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Is it dangerous for a child to breastfeed from a drunk mother?

It doesn't seem to be culturally acceptable, but if breast milk contains roughly the same percentage of alcohol as that person's blood, i.e. a few per mille at most, it doesn't seem like it should be dangerous. Assuming the mother doesn't drop the child.

Examples of this claim:

  • Hi Filip. Skeptics is generally here to verify notable claims. Do you have an example of where it is claimed that it is dangerous to breastfeed while drunk? If so could you please add a reference to the claim. – DJClayworth Jan 25 '16 at 17:40
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    @DJClayworth I found two examples of this claim, National Health Service included. This took me a minute. And I'm pretty sure even more examples can be found without trouble. I edited the question putting those examples in, so if you could review the edit queue, I'd be grateful. – gaazkam Jan 25 '16 at 19:44
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All of this answer is based on what I found on a recent review on the subject of alcohol and breastfeeding Haastrup, M. B., Pottegård, A. & Damkier, P. Alcohol and Breastfeeding. Basic Clin. Pharmacol. Toxicol. 114, 168–173 (2014).

First of all, it is interesting to address a common myth that alcohol ingestion can increase milk production and secretion. (The OP mentions that it is not socially acceptable to breastfeed while drinking, but it seems it is actually encouraged in some places.) There is no evidence to support this, and some evidence against:

One study of 22 lactating women, who were asked to express milk on two different days, one of which they had ingested 0.3 g alcohol per kg (corresponding to about 1.8 units of alcohol, assuming a body-weight of 70 kg and an alcohol content of 12 g per unit), showed that the amount of milk expressed was 9.3% lower on average in the first two hours after alcohol consumption (...)It has also been demonstrated that alcohol dose-dependently inhibits oxytocin and thereby the milk ejection reflex, which could probably explain this reduction in milk yield.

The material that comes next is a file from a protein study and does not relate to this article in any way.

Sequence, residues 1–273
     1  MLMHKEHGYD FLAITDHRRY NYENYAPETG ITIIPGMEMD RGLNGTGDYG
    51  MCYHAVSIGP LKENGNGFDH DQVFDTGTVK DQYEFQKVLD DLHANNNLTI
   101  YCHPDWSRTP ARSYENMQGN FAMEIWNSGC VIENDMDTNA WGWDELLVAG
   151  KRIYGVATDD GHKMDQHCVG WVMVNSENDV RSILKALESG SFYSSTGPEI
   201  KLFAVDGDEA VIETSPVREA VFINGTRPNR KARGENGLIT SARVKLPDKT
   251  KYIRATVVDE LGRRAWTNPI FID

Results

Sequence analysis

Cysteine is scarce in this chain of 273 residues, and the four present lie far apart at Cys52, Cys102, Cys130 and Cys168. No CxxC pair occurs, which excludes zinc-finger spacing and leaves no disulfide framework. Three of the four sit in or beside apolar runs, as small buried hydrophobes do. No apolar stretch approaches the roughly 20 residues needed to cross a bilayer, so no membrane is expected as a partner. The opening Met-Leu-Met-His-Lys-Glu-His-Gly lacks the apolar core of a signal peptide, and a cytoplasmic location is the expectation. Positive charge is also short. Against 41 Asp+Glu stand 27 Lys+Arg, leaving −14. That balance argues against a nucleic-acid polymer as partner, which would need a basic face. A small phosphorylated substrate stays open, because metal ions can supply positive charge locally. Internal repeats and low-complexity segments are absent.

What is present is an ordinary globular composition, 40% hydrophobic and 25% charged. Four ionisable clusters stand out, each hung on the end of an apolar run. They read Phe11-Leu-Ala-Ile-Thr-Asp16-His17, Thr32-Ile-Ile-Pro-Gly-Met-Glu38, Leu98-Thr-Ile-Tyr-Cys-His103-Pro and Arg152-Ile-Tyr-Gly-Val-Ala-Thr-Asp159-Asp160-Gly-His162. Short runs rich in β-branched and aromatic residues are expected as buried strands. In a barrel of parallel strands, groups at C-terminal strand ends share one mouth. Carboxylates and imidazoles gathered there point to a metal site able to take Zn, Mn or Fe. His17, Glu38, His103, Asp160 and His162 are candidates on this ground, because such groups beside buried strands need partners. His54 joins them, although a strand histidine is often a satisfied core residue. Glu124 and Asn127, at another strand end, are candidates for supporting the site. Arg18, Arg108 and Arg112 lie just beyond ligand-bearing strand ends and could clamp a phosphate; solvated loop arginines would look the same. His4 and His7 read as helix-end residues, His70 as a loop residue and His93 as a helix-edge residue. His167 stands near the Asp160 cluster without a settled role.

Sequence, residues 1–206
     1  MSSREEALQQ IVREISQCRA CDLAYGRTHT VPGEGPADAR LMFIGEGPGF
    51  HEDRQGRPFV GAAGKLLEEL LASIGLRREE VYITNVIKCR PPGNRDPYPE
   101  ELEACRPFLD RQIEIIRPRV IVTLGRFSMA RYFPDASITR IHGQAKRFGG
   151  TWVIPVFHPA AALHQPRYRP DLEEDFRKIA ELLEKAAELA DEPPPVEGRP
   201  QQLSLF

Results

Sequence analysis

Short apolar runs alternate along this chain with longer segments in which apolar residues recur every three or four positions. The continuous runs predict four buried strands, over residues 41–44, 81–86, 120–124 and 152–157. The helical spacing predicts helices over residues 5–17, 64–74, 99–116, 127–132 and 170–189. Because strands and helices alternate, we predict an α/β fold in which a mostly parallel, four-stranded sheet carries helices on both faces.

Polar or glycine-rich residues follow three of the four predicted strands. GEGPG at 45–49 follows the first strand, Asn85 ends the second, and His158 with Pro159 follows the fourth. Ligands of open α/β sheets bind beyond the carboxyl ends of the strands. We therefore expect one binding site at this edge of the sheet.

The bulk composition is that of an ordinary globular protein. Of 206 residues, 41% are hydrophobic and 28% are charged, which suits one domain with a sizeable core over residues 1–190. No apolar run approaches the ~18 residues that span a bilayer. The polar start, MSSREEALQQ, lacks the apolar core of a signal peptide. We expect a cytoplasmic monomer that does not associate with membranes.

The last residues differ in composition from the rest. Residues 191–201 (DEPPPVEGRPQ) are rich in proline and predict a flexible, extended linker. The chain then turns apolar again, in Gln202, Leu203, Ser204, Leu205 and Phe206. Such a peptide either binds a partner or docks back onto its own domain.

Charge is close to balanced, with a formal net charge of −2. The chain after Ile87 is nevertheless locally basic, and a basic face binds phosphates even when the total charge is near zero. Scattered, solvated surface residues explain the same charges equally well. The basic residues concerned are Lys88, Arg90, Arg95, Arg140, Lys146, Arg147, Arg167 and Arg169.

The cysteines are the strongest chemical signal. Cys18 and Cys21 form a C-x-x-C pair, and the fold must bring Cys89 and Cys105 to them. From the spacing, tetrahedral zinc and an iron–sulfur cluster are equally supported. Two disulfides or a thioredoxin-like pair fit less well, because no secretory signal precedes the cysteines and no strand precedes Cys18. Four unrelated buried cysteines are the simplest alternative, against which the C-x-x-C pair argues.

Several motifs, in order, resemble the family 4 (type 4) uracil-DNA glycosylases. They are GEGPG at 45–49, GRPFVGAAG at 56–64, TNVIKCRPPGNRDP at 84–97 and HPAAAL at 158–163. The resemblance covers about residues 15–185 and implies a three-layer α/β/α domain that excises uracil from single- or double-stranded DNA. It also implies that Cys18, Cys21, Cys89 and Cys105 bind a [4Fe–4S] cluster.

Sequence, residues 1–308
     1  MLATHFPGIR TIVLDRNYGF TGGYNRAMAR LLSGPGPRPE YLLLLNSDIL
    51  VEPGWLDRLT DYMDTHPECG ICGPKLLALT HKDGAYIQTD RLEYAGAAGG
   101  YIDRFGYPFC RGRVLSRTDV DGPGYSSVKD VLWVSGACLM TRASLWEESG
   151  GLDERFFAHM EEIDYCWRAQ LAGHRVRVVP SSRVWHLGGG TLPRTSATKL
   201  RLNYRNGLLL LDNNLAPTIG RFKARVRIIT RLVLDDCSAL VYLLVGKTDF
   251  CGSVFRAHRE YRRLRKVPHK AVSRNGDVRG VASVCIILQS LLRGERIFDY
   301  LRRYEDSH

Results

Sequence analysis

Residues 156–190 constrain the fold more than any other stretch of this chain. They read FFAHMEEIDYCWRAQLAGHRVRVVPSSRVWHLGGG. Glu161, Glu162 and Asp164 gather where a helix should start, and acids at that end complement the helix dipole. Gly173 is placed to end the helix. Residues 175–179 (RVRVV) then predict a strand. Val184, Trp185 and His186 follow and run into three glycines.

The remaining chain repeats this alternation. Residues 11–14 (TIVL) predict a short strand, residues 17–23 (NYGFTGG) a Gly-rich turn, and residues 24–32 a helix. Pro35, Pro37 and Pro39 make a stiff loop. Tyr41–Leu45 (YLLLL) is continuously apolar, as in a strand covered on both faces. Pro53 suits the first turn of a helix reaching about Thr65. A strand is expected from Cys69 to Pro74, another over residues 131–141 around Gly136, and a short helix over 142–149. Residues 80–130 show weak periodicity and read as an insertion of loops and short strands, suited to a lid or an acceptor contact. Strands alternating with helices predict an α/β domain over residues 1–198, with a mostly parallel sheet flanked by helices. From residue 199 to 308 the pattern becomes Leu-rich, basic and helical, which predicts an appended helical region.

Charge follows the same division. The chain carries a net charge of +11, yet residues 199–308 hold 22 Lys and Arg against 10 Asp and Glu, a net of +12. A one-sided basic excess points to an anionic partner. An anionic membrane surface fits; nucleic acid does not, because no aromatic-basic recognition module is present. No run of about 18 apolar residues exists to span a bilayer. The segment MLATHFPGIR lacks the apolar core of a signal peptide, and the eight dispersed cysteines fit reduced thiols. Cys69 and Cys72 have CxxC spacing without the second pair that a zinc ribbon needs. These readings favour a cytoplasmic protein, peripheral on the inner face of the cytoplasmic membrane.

Of course, that minor reduction might not be relevant to the baby’s health.


Concerning the concentration of alcohol in milk, it is about 5-6% of the weight-adjusted maternal dose, so it is possible to calculate how much alcohol a child would ingest from a mother. In the review’s conclusions, we can read this, and I think this is closest to an answer to the question:

Assuming the worst possible scenario where a mother engages in binge drinking and ingests four drinks of 12 g pure alcohol and then breastfeeds her child at the time of the maximum blood alcohol concentration, the child would still not have a blood alcohol level of more than 0.005%. It appears biologically implausible that occasional exposure to such amounts should be related to clinically meaningful effects to the nursing children. The effect of occasional alcohol consumption on milk production is small, temporary and unlikely to be of clinical relevance. Generally, there is little clinical evidence to suggest that breastfed children are adversely affected in spite of the fact that almost half of all lactating women in Western countries ingest alcohol occasionally.

Finally, many studies are cited in this review about possible effects of alcohol breastfed to infants, but they are not conclusive. Some point to sleep disturbances, some say sleep patterns are normal. Some point to reduced milk intake, others say it is normal. There is even one who suggests delayed psychomotor development, but a replication showed no such effect. Most of those studies lack adequate control of confounders (like psychosocial adversities, for instance).

In conclusion: it does not seem that drinking while breastfeeding is directly harmful to the child.

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    Great research, this is what Skeptics is all about! I edited the Wikipedia - Page accordingly and added this reference. – James Cameron Jan 29 '16 at 16:00

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